Family seeking answers after woman dies in police-involved shooting

GBI looking into police-involved shooting that left a woman dead

FULTON COUNTY, Ga. — The family of a Johns Creek woman who died in a police-involved shooting is demanding answers.

Police told Channel 2 Action News they received a call early Saturday about a woman with mental illness who left her home with a knife.

Police said they encountered 36-year-old Shukri Ali Said near Northview High School, and after an attempt to stop her with a taser and shooting her with rubber bullets, two officers ultimately shot her. She later died at the hospital.

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"When officers responded to the scene they did encounter Ms. Said, and they provided multiple verbal commands, asking her to drop the knife," GBI spokeswoman, Nelly Miles, told Channel 2's Mike Petchenik. "She did not relinquish the knife, and they eventually deployed less than lethal methods to get her to drop the knife that included a taser. We are the fact finders. We are requested to conduct an independent, thorough investigation to get to the bottom of what occurred."

The head of Georgia’s chapter of the Council on American Islamic Relations said the family called to get her help with her bipolar disorder, and the family never expected this outcome.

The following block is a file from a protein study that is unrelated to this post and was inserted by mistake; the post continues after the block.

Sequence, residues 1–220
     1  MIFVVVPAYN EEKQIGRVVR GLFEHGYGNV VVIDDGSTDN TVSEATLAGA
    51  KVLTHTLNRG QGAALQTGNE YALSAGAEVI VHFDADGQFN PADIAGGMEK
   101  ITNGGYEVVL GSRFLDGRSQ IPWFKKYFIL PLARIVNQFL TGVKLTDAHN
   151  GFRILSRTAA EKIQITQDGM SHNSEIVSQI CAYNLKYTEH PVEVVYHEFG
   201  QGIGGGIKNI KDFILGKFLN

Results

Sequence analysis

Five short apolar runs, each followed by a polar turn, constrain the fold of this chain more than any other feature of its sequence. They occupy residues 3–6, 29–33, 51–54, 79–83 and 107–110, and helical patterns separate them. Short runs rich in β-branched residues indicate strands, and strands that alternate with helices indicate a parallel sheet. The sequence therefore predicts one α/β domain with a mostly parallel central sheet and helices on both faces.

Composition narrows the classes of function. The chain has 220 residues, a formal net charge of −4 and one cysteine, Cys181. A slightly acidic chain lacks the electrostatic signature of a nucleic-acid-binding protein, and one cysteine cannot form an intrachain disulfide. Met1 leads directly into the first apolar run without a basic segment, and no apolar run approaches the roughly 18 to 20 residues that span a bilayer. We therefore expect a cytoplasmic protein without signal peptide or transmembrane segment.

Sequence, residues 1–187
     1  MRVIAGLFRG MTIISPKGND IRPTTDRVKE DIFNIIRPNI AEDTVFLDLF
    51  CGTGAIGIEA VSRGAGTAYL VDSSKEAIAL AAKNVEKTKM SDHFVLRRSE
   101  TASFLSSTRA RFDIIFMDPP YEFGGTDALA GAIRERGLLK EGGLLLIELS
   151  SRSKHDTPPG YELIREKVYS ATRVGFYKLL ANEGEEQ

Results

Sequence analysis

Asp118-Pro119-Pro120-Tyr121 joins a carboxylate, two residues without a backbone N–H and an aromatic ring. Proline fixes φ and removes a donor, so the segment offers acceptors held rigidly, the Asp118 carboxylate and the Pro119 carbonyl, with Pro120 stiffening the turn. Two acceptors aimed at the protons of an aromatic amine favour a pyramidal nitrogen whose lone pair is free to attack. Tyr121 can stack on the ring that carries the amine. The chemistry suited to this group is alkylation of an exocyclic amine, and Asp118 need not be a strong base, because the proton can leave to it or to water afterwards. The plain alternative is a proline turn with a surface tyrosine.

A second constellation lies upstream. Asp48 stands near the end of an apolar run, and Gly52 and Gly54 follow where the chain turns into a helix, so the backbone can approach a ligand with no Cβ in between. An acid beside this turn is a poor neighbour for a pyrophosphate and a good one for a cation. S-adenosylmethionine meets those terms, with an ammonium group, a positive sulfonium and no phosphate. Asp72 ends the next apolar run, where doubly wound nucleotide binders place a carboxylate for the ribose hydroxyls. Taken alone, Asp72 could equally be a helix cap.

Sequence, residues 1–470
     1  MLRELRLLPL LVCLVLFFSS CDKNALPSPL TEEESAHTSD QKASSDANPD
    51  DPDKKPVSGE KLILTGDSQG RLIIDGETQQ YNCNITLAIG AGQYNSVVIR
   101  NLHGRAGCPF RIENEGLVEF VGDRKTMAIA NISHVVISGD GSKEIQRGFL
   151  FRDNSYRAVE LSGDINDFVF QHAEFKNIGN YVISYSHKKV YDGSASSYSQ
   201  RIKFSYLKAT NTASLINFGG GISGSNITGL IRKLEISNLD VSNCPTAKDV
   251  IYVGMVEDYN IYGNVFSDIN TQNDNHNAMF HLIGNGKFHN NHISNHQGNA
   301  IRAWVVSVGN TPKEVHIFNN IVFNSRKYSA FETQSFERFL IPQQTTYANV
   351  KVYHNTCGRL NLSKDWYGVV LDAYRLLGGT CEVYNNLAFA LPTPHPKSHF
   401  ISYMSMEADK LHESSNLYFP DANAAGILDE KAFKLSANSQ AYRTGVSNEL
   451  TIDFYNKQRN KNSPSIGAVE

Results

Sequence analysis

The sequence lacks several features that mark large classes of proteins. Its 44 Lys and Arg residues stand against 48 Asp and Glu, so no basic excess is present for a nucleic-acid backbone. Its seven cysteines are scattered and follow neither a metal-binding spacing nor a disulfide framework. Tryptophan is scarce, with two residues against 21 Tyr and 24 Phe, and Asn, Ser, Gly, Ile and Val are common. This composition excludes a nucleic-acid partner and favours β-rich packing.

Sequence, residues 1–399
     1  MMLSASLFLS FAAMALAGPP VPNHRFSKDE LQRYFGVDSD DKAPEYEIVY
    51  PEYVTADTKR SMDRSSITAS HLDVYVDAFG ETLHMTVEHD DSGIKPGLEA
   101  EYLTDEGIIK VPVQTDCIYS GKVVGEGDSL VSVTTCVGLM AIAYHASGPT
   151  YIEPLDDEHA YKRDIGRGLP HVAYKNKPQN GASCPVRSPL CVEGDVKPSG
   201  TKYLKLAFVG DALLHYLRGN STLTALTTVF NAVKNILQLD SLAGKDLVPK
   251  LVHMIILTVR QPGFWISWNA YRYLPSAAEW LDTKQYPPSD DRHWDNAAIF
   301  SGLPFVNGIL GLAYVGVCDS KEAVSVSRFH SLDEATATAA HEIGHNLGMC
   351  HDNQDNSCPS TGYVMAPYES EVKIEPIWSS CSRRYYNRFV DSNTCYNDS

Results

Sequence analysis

"The family can find some comfort in the belief that Shukri is at peace, but this family cannot rest comfortably; they cannot rest peacefully until they know what happened to Shukri, why it happened, whether her civil liberties were violated and what law enforcement can do to prevent this from happening to another mentally ill person in our state," said Edward Mitchell with CAIR Georgia.

Mitchell and family attorney, Ibrahim Awad, said the family moved to Georgia from California last year, and its previous experience with law enforcement was to have Said subdued and committed to a hospital for help. They said the family expected a similar response and were “horrified” to learn that police had shot their sister. 

“They called for help. They called because Shukri had suffered from mental illness for years, at least eight years. She had been diagnosed with bipolar disorder. She heard voices. She had delusions. She was sick,” said Mitchell.

Awad said early that morning Said told her sister she had to leave the home because she was hearing voices, and when the sister tried to intervene, he said Said grabbed a small kitchen knife and left.

“The officers that responded knew about her mental illness, they were forewarned about her mental illness and there just can’t be any more preparation for law enforcement when responding to the scene that this person does not respond to commands,” said Awad.

Awad and Mitchell said they believe officers, in general, need more training on how to deal with mental health patients.

“To expect a mentally ill person to respond to commands is illogical and the police officers knew that,” said Awad.

“If the police know that, that should dictate how they address and deal with that person,” said Mitchell. They must use de-escalation tactics. You cannot walk up to someone in a state of mental instability and threaten them or use physical force on them immediately, that’s only going to make matters worse and inevitably lead to tragedy.”

The family laid Said to rest Sunday.

“They’re strong people, and they’re doing well, but this is a tough time for them,” he said.